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Township tackles tree issue at Witteveen property

Alex Doty • Oct 12, 2017 at 2:00 PM

GRAND HAVEN TWP. — Township officials now have a better idea of what it might cost to enhance the former Witteveen property as part of the Hofma Vision project.

Last week, Grand Haven Township officials toured the property with forestry experts from the Ottawa County Soil and Conservation District. Township Manager Bill Cargo said that, based on the tour, it appears that large swaths of Scotch pine and Austrian pine should be removed, the areas of natural white pines should be removed by about two-thirds, and native species should be re-introduced.

“The Christmas tree farm as it currently exists was referred to as an ‘ecological dead zone’ because of the lack of diversity, lack of food for native wildlife, amount of disease/fungus on many of the pines, etc,” Cargo noted. “In addition, there are still a number of ‘woody invasive’ bushes that should be removed before these invasive plants spread over large segments of the farm.”

The removal of large sections of pines will appear unsightly for about two years until the property transitions into a more natural area, township officials said. However, that can be somewhat mitigated by leaving some stands of white pines, protecting some of the native plants that have established a foothold and completing the replacement plantings as quickly as possible, Cargo said.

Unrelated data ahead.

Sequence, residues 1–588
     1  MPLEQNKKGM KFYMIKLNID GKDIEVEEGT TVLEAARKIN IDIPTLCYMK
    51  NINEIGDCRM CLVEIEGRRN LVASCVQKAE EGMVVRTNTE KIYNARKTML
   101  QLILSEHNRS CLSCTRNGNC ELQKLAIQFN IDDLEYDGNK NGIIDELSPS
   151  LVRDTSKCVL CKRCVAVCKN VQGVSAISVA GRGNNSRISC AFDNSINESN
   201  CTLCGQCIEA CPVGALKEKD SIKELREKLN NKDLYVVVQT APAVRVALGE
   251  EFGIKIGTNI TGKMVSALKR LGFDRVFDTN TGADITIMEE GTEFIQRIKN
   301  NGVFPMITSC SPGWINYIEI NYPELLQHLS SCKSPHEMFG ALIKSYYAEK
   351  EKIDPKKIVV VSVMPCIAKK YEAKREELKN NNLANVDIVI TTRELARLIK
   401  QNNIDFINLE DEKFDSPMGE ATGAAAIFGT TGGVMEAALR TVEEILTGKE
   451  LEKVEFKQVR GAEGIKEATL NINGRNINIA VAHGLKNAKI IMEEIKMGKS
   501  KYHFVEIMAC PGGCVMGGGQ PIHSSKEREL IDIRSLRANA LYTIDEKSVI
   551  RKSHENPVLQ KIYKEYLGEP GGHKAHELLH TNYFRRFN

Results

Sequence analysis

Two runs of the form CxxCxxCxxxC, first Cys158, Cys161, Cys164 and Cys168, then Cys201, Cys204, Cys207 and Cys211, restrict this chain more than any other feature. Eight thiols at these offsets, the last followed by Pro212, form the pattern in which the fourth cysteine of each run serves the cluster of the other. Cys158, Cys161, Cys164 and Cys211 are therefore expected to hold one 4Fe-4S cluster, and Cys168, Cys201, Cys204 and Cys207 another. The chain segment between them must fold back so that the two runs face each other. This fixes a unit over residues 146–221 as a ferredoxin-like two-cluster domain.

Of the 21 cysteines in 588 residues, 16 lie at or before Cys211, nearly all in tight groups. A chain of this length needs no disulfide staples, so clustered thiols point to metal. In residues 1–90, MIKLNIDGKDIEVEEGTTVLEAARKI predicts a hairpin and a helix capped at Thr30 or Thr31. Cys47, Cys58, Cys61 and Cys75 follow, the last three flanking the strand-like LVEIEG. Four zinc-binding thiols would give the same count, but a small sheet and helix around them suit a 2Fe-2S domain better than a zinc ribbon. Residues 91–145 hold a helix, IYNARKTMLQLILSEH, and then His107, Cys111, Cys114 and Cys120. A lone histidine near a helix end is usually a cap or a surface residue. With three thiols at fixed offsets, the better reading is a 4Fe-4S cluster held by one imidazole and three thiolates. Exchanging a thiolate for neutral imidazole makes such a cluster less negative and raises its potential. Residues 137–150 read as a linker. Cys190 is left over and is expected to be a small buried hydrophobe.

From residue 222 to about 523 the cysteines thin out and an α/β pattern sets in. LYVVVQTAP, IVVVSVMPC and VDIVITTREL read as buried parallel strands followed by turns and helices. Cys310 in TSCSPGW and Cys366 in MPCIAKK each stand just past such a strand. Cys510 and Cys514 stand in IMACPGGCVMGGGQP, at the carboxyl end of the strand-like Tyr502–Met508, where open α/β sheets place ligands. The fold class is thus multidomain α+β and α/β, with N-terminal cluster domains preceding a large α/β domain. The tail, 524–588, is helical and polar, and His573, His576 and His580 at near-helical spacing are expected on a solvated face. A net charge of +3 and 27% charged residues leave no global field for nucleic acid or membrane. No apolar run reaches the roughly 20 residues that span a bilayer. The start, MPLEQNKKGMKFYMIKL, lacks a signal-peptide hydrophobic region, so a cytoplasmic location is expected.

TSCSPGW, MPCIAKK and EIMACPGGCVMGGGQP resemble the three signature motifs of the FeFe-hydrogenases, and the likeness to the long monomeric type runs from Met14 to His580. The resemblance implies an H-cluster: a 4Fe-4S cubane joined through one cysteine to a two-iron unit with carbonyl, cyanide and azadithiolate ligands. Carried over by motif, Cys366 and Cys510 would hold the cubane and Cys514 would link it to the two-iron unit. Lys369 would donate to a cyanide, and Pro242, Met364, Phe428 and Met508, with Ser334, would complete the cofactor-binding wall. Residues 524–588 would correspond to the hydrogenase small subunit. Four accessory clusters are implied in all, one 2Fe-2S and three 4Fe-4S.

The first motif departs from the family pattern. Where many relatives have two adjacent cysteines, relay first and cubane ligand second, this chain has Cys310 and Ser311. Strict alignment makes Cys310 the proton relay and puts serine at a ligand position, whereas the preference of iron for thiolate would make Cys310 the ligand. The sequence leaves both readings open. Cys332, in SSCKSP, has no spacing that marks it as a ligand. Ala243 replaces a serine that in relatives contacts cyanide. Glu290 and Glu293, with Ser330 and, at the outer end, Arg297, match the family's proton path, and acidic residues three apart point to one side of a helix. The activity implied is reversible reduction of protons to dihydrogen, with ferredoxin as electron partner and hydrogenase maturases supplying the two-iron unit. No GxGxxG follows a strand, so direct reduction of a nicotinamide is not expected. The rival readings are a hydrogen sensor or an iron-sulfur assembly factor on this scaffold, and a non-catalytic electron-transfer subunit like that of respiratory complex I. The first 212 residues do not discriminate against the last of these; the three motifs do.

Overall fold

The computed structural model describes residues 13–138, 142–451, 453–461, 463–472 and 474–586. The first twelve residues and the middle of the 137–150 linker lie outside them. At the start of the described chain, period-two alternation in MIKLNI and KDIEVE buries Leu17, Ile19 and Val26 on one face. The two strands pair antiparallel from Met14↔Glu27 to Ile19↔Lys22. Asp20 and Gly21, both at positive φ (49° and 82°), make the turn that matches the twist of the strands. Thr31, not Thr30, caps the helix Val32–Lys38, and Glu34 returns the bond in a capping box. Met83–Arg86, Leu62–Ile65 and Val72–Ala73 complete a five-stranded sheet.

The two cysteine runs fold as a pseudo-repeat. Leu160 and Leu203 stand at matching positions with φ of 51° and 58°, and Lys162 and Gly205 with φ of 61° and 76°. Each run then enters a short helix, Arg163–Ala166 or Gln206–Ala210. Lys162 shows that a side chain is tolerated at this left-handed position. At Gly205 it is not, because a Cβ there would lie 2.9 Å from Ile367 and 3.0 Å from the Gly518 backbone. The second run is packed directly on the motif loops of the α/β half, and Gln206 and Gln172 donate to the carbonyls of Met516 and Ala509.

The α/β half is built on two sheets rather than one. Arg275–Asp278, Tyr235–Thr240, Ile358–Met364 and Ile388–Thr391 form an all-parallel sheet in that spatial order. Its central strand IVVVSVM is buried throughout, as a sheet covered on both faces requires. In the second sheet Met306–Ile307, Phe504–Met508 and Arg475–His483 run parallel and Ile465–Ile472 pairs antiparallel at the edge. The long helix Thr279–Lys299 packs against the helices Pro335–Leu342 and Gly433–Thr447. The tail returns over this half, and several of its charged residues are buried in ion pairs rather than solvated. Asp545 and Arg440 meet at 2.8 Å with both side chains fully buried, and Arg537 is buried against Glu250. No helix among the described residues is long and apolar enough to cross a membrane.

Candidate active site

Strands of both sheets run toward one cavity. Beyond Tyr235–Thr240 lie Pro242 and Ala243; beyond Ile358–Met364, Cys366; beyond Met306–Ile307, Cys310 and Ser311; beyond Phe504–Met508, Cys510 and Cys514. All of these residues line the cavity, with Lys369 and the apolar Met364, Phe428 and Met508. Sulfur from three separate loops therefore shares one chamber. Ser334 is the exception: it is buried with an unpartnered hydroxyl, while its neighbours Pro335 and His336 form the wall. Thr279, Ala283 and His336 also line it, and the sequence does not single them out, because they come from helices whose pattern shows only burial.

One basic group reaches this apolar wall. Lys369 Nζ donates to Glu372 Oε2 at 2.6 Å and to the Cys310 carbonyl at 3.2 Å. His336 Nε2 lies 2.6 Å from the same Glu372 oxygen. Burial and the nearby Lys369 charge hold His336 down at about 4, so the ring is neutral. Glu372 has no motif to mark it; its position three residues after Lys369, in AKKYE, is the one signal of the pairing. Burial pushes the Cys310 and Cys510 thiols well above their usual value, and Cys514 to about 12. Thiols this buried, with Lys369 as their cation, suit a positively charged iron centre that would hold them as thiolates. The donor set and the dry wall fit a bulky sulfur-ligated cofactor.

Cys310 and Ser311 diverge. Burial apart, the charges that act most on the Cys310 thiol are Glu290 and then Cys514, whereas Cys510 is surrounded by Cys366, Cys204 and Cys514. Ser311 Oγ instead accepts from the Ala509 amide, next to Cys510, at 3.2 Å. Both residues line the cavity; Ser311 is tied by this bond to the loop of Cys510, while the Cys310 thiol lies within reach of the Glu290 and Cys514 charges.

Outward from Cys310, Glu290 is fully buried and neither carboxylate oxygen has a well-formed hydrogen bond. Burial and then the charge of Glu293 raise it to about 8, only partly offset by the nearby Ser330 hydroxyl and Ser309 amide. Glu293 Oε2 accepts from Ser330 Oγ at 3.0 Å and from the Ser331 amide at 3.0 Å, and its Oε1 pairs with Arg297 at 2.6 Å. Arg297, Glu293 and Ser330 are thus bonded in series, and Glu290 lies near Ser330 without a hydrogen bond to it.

The conservation district forester will direct several foresters to provide proposals for the property so that the township can apply for a Forest Stewardship grant through the Michigan Department of Natural Resources.

“I am expecting quotes from area foresters to be received within the next two weeks,” Cargo said. “I am not certain how long the actual forest management plan will take.”

Cargo also said it is unknown how quickly the grant application to cover a portion of the forest management plan costs would be processed by the state.

“If the township decided to implement part of the Hofma Vision — or forest management plan — using designated (township) General Fund monies, the work could begin during the spring of 2018,” he said.

The Hofma Vision and Park Committee work provides clear priorities for staff, Cargo said, but there is not yet a clear implementation plan or project timeline.

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